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NC Republican leaders should be ousted for the way they’re treating state employees

·4 min read

Unsettling raises

Regarding “Some NC lawmakers’ staff get bigger raises than most state employees,” (June 22):

While Senate leader Phil Berger and House Speaker Tim Moore quietly implement 2021 salary increases as high as 31% for their staff members, they predictably recommend a minuscule increase of 3% over two years for teachers and state employees and nothing for state retirees — all during a period of record revenues being raked into state coffers.

Shame on N.C. voters for continuing to reelect these self-serving hypocrites to their positions. Voters need to wake up and pay attention to the economic pain and suffering these so-called leaders continue to inflict upon the majority of hardworking state employees and retirees.

It’s long past time to ensure that Senate leader Phil Berger, House Speaker Tim Moore and their cronies are booted from the N.C. General Assembly at the earliest opportunity.

Jon Gibson, Raleigh

NC retirees

When the fact that the N.C. Senate’s spending proposal did not include a cost-of-living-allowance for the some 300,000-plus N.C. and local government retirees, Senate Leader Phil Berger simply stated, “There is no ongoing promise or mandate that COLAs are provided.” Legally, Berger is correct. I would simply ask him what about a moral or ethical obligation to “do right” by those who spent their professional lives “doing right” for the citizens of our state?

Michael Taylor, Emerald Isle

Biden vaccine tour

President Joe Biden continues to sell the vaccine as a product of his administration, as evidenced by his trip to Raleigh this week.

In March, when speaking about the battle against COVID-19, Biden claimed he inherited “a mess.” By mess, is he referring to the successful COVID-19 vaccine rollout made possible by the work of the Trump administration?

Operation Warp Speed put more than 14 million vaccine doses in American arms by Inauguration Day 2021.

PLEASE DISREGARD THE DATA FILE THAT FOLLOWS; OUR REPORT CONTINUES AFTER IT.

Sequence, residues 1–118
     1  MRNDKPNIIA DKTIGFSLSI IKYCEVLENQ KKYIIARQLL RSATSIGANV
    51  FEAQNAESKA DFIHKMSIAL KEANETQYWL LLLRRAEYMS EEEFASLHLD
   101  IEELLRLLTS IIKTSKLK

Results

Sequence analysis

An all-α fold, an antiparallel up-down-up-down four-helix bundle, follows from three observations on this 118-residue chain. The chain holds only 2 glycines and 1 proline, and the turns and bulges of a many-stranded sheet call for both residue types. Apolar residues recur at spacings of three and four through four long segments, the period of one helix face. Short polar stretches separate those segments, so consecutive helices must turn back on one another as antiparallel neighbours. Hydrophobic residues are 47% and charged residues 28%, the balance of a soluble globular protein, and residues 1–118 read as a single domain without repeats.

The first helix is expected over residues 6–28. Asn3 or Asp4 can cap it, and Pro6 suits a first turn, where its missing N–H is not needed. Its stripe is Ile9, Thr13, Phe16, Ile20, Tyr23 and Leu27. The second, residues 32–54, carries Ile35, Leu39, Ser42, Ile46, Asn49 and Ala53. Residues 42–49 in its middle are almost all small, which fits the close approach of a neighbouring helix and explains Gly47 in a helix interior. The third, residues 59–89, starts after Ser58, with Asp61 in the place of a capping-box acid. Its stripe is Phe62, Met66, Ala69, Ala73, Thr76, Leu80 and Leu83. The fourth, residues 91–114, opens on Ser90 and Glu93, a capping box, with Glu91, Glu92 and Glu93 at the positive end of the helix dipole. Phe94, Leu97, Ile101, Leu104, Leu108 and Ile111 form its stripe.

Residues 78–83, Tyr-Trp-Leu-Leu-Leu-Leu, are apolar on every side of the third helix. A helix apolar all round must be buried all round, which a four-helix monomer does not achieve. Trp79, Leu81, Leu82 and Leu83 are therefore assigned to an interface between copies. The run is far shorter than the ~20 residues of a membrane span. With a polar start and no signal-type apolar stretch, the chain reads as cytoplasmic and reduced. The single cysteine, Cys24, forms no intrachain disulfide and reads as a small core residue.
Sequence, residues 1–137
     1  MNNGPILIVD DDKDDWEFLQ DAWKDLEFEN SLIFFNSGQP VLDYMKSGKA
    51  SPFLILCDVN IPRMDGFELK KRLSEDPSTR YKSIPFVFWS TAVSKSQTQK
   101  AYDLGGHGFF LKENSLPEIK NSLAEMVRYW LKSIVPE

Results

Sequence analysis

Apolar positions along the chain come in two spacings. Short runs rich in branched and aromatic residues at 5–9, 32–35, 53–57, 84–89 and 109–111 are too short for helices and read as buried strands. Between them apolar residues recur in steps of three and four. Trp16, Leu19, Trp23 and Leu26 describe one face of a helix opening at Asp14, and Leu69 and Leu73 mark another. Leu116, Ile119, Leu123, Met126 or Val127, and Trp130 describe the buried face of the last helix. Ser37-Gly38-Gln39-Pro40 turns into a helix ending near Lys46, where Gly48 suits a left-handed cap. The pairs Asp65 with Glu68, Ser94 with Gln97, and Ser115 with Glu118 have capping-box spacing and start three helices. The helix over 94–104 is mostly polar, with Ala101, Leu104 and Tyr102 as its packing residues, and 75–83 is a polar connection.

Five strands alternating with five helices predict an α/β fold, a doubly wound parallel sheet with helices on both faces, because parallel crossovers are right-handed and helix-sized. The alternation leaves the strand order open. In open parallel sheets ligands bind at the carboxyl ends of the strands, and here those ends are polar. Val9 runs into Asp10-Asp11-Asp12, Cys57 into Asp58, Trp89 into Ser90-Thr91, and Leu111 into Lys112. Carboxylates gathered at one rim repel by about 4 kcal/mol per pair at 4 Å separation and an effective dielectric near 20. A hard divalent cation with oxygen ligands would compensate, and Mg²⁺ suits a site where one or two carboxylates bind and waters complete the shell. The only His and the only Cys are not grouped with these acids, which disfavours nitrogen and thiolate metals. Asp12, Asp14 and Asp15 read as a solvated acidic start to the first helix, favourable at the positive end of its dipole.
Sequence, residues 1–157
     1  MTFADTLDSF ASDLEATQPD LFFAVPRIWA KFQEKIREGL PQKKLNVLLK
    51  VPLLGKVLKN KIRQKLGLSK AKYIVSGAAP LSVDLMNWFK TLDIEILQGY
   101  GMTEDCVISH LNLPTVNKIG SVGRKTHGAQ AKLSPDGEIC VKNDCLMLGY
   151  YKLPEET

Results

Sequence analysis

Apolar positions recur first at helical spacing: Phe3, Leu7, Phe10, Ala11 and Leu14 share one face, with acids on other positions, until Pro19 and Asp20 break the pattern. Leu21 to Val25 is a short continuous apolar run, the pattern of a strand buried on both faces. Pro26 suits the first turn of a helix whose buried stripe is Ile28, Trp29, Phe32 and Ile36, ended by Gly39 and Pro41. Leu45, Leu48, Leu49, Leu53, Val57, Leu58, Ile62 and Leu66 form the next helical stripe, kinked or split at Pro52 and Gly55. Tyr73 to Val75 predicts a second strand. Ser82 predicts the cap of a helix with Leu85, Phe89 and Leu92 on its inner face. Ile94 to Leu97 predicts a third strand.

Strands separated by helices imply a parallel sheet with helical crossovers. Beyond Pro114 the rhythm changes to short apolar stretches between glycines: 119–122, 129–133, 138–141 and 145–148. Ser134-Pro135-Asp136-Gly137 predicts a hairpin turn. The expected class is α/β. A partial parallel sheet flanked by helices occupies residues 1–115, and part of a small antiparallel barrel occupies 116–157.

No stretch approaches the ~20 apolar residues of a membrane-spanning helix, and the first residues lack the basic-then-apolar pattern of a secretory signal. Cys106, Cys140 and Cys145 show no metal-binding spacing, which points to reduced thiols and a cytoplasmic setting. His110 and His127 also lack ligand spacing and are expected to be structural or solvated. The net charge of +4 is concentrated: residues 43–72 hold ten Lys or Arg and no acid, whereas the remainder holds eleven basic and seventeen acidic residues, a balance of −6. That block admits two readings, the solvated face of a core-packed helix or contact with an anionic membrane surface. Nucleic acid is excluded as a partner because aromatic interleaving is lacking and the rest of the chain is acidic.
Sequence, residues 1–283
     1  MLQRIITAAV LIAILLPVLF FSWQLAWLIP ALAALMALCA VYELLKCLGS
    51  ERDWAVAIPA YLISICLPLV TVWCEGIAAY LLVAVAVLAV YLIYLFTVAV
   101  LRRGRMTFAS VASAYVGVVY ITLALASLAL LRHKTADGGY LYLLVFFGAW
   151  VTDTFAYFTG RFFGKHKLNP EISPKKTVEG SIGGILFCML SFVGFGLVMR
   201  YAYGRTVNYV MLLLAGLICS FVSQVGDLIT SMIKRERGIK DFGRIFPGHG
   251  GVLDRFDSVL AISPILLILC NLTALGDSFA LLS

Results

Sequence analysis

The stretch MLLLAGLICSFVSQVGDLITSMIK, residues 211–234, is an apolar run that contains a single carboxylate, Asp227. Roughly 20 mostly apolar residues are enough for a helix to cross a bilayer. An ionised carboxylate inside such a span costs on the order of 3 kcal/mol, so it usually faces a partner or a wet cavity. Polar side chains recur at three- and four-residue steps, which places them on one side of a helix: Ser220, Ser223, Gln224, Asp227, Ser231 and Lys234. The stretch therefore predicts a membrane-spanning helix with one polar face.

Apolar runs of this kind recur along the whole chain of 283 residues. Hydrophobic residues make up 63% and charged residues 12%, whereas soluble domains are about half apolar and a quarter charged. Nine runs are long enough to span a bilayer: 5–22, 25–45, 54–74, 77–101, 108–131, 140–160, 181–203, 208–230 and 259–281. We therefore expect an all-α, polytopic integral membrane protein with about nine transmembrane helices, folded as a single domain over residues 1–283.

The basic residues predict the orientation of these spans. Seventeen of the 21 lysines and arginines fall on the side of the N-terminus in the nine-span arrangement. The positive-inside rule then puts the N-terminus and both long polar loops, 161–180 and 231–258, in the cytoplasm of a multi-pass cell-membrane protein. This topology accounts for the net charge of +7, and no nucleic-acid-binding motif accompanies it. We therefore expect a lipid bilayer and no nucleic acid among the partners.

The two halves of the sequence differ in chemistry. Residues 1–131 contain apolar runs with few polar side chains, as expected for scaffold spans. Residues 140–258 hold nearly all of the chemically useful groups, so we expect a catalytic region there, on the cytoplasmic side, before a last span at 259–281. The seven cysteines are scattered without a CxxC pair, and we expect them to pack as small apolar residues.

Without the Trump administration’s leadership, there is no telling how far behind North Carolina and our country would be in beating the COVID-19 pandemic.

Donna Williams, Raleigh

Vaccine lottery

Gov. Roy Cooper’s vaccine lottery plan attempts to increase the vaccination rate via a significant amount of money that may influence citizens to receive the vaccine who otherwise would not.

The Belmont Report’s ethical guidance in clinical research states, “...individuals should be treated as autonomous agents ... persons with diminished autonomy (like children) are entitled to protection.” This standard satisfies informed consent, a linchpin in research and medical ethics. But informed consent must be free of coercion and undue influence.

Our fellow citizens’ vulnerability is especially high given the unemployment rates and ridiculous post-secondary tuition costs. Where does justifiable persuasion end and undue influence begin? Should citizens not be able to make health decisions based on benefits, risks and family discussion, not under the hope of receiving an excessive reward?

Bryan Feger, Durham

Voting access

Sens. Richard Burr and Thom Tillis should vote “yes” to open debate on Senate Bill 1 on voter access.

Voting is the bedrock of our representative democracy. We need our senators to have a vigorous debate and discussion.

There are so many ideas that would increase voting participation. Personally, I’d like to see Election Day as a paid federal holiday so every citizen will be free to vote — and volunteer at the polls. I also fully support automatic registration upon getting a driver’s license.

Voters want to hear everyone’s ideas, and to do that we need to have the debate in the Senate.

Leanna Murphy, Durham

Electric vehicles

A huge benefit of supporting the Power Up America campaign and driving an electric vehicle is that you’re not only doing your part to combat man-made climate change, but you aren’t competing with other drivers for gas.

Those long lines during the Colonial Pipeline issue and scrambling to find gas aren’t a problem when you drive an EV.

North Carolina is the ninth most populous state but ranks 16th for EV registrations. It has 3.2% of the overall population, but 5.5% of available charging stations. We can do better as a state by leading the count in EV registrations, like California, Florida and Texas are.

Derek S. Fisher, Durham

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